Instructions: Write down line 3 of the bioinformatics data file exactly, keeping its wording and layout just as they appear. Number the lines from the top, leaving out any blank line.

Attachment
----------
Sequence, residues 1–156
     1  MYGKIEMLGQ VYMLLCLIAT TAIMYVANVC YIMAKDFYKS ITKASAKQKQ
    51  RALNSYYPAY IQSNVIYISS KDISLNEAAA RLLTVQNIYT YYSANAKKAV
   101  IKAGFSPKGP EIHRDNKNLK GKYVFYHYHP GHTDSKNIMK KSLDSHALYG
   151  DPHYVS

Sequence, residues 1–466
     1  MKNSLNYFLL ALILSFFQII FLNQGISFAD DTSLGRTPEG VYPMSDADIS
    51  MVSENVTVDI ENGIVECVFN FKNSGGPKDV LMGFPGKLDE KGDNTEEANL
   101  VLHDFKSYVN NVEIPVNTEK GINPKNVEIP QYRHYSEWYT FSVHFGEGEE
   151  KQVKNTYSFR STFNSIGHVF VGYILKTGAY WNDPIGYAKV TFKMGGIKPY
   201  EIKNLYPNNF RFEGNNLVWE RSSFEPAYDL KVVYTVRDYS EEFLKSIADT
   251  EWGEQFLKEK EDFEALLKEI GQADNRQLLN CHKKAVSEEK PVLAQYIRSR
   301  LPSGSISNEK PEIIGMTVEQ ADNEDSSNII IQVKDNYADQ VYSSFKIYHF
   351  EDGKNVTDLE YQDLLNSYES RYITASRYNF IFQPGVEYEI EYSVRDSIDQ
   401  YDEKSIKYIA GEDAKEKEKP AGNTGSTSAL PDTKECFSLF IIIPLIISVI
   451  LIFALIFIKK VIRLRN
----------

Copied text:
    51  RALNSYYPAY IQSNVIYISS KDISLNEAAA RLLTVQNIYT YYSANAKKAV